Steve Levy joins Bohemia law firm that fought MTA tax

In this March 8, 2010 photo, Suffolk County In this March 8, 2010 photo, Suffolk County executive Steve Levy poses in Albany. Photo Credit: AP

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Former Suffolk County Executive Steve Levy has joined the Bohemia-based law firm of Campolo, Middleton and McCormick, which helped bring the suit that led to the recent legal victory against the MTA payroll tax.

Levy said he began work this week with the firm and is taking an of counsel title so he can be free to do consulting work through his new firm, Common Sense Strategies, and his policy think tank, the Center for Cost Effective Government.

"I wanted to spend the first six months of the year building up the center and the consulting business, and now [that] they are rolling along, it's time to sign on of counsel," Levy said. "I feel it's a good fit."

Campolo, Middleton and McCormick has 15 lawyers and 28 employees. Joseph Campolo, managing partner, said Levy "will certainly add depth to our municipal and government relations practice," which is headed by Scott Middleton, former Lake Grove mayor, justice and trustee and current village attorney.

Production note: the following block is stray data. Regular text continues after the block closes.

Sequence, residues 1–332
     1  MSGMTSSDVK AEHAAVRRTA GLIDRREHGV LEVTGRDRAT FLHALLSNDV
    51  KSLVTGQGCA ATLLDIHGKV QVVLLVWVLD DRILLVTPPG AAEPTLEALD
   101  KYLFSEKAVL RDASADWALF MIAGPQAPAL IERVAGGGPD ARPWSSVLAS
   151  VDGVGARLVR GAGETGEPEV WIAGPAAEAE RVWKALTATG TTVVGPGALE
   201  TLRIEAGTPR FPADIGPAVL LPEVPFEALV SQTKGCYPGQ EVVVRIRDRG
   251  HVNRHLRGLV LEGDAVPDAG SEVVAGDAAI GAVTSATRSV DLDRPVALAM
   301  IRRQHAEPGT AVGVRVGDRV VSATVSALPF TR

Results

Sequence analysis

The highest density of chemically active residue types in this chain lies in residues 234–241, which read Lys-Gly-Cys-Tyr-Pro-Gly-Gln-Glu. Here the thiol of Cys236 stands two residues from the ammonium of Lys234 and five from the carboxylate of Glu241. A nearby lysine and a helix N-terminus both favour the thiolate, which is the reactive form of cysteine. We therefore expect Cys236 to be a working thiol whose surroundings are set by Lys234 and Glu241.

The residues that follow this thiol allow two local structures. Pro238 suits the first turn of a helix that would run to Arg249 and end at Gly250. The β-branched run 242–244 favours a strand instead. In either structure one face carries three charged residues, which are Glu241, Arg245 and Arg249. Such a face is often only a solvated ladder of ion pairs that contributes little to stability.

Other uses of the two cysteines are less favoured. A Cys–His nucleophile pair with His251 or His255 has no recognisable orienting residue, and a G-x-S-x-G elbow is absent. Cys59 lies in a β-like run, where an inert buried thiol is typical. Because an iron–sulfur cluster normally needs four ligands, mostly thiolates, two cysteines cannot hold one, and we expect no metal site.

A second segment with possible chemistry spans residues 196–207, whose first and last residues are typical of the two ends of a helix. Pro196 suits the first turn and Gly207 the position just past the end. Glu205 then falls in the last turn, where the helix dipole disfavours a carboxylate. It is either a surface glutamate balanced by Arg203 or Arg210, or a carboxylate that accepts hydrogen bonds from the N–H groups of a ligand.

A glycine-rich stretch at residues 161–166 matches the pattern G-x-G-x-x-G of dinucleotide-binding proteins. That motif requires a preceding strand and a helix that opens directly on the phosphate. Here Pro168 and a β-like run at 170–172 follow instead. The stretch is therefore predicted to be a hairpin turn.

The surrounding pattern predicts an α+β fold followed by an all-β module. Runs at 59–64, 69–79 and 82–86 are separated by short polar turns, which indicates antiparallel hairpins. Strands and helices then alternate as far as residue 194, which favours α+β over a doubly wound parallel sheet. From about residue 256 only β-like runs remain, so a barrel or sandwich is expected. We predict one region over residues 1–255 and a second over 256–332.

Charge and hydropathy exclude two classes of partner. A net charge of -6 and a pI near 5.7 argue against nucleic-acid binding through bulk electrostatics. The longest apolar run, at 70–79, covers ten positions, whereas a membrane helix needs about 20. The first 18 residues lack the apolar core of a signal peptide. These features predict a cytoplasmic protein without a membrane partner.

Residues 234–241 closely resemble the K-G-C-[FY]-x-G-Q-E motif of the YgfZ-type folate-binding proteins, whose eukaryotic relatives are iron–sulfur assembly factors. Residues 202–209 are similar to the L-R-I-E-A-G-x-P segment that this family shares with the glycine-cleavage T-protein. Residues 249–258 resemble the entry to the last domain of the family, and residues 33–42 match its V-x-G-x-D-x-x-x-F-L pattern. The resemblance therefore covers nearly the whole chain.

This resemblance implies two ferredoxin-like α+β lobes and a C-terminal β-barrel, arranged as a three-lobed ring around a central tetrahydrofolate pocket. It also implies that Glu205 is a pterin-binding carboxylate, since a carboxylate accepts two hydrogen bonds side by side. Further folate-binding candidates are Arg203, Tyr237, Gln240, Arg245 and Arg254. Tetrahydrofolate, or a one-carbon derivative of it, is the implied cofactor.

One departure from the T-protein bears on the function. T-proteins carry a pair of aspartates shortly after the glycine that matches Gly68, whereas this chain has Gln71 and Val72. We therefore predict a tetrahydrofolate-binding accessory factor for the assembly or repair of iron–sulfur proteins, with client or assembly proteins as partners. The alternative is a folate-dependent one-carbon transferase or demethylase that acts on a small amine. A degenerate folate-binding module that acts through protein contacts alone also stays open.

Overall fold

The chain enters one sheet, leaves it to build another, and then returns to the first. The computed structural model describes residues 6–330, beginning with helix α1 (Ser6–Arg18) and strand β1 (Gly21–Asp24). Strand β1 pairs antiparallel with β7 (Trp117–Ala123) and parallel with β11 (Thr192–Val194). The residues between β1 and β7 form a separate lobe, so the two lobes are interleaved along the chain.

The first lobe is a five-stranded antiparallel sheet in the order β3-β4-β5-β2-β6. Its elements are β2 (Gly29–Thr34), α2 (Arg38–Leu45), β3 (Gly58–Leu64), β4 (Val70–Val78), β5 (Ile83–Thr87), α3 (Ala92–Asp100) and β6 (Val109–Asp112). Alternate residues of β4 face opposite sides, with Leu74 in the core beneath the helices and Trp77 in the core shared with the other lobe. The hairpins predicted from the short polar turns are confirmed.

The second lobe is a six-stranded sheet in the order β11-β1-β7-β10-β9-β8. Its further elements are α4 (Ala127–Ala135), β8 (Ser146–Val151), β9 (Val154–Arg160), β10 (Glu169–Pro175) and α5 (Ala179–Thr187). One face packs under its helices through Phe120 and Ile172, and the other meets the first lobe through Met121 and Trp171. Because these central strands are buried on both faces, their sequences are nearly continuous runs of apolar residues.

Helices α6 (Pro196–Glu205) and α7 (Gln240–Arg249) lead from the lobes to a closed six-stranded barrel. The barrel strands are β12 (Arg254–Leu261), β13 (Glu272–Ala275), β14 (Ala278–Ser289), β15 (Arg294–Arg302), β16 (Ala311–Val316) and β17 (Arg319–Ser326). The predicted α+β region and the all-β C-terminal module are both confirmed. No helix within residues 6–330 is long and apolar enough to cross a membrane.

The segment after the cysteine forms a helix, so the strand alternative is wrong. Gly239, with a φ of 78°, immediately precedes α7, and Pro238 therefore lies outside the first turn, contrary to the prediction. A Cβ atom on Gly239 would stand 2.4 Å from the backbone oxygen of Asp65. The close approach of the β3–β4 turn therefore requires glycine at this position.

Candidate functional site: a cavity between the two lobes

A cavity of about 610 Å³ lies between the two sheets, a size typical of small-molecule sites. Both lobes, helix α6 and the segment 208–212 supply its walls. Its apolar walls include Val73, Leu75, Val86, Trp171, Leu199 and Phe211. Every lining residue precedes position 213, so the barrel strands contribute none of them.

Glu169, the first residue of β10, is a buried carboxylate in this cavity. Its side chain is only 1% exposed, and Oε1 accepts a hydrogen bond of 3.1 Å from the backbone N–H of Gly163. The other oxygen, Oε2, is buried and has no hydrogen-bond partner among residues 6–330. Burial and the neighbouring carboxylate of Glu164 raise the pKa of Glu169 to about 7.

The Campolo firm represented Classic Limousine owner William Schoolman in his lawsuit against the state's controversial MTA tax. Levy said the county never hired the firm while he was county executive. However, he said officials did use the firm's legal research for Schoolman's original suit, which Suffolk and Nassau counties joined.

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A state Supreme Court justice last week declared the tax unconstitutional. The Metropolitan Transportation Authority, which counts on the $1.2 billion annually that the tax generates, said it will appeal the ruling. The tax charges employers in the MTA region 34 cents for every $100 of payroll.

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Levy's move surprised longtime friend and political consultant Michael Dawidziak. "I didn't know anything about it or that they were even talking," he said. "But it's not unusual. The Garden City law firm of Meyer, Suozzi, English and Klein hired former County Executive Robert Gaffney after he retired, and state senators often end up with big law firms when they retire."

News of Levy's new legal role was first reported on the Long Island Business News website Monday.

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